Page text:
Is Edward Snowden a Hero Who Deserves Obama's Pardon?
Edward Snowden and his allies are lobbying President Obama to pardon him.
Edward Snowden wants President Obama to pardon him and, along with his supporters, has launched an extensive campaign to make that happen. The timing coincides with the last months of Obama’s Presidency and the release of a sympathetic Oliver Stone film about the whistleblower. Human rights organizations such as ACLU, Human Rights Watch, Amnesty International and others have joined Snowden’s cause.
His many supporters hope that the high-profile film will help change the minds of many about the divisive figure who was charged in 2013 under the Espionage Act. Snowden’s lawyer Ben Wizner, who is also the director of ACLU's Speech, Privacy, and Technology Project, felt very positive after screening the movie:
"I think Oliver will do more for Snowden in two hours than his lawyers have been able to do in three years," Wizner related to Motherboard.
To take advantage of the potentially pro-Snowden climate, the groups that support pardoning him have launched a website - https://www.pardonsnowden.org, which allows his supporters to sign a petition.
The site describes him as “a young American who became aware of a mass surveillance system that had been growing secretly for years without democratic consent. At great personal risk, he blew the whistle.”
The site makes the case that Snowden should actually be deemed a hero since as a result of his actions, “the NSA's surveillance powers were reined in for the first time in decades”.
"The information disclosed by Edward Snowden has allowed Congress and the American people to understand the degree to which the NSA has abused its authority and violated our constitutional rights.”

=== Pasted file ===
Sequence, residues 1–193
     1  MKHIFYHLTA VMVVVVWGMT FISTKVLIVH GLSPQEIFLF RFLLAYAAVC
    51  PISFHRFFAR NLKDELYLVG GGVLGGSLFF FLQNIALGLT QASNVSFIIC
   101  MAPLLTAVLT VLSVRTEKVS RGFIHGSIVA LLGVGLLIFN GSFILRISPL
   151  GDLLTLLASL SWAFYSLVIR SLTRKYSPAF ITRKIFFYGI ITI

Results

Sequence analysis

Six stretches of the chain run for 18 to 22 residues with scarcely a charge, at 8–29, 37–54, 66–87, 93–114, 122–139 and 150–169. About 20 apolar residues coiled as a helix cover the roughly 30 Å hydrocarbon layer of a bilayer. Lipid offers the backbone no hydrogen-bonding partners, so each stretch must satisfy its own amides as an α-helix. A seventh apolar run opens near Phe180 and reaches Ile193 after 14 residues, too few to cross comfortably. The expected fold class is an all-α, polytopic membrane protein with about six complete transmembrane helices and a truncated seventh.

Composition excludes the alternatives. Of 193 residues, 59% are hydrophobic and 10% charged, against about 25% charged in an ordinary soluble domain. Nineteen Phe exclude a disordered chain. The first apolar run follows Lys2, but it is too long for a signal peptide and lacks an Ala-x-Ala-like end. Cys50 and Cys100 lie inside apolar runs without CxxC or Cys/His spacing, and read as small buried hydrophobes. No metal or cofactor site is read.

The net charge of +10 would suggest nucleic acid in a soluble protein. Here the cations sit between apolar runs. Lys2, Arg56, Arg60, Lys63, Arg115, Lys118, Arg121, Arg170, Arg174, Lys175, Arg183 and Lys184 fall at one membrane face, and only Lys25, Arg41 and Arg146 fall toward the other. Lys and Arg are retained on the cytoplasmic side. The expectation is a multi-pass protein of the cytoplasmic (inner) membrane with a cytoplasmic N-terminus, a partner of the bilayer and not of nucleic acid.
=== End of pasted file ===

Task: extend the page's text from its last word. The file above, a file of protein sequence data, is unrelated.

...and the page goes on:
Despite acknowledging the good he has done, Sanders doesn’t advocate for a full pardon, as Snowden did break the law, instead calling for “some form of clemency or a plea agreement that would spare him a long prison sentence or permanent exile.”
This kind of sentiment is similar to the 2014 editorial by the New York Times, which thought the value of what Snowden revealed far outweighed his crime, saying:
“Considering the enormous value of the information he has revealed, and the abuses he has exposed, Mr. Snowden deserves better than a life of permanent exile, fear and flight….. When someone reveals that government officials have routinely and deliberately broken the law, that person should not face life in prison at the hands of the same government.”
Snowden himself lobbied for clemency in an interview with “The Guardian,” stating:
“Yes, there are laws on the books that say one thing, but that is perhaps why the pardon power exists—for the exceptions, for the things that may seem unlawful in letters on a page but when we look at them morally, when we look at them ethically, when we look at the results, it seems these were necessary things, these were vital things.”
And Snowden believes that his actions had concrete results:
“I think when people look at the calculations of benefit, it is clear that in the wake of 2013 the laws of our nation changed. The Congress, the courts and the president all changed their policies as a result of these disclosures. At the same time there has never been any public evidence that any individual came to harm as a result.”
When it comes to foreign intervention, we often overlook the practices that creep into life back home.